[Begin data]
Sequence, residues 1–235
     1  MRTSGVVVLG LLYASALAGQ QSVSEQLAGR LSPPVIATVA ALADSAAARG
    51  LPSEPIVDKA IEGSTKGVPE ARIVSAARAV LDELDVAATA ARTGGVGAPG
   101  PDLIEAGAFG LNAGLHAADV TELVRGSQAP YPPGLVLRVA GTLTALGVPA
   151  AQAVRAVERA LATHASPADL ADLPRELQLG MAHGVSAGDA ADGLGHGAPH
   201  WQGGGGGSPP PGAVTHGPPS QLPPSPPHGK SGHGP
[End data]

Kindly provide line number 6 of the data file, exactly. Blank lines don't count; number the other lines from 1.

   201  WQGGGGGSPP PGAVTHGPPS QLPPSPPHGK SGHGP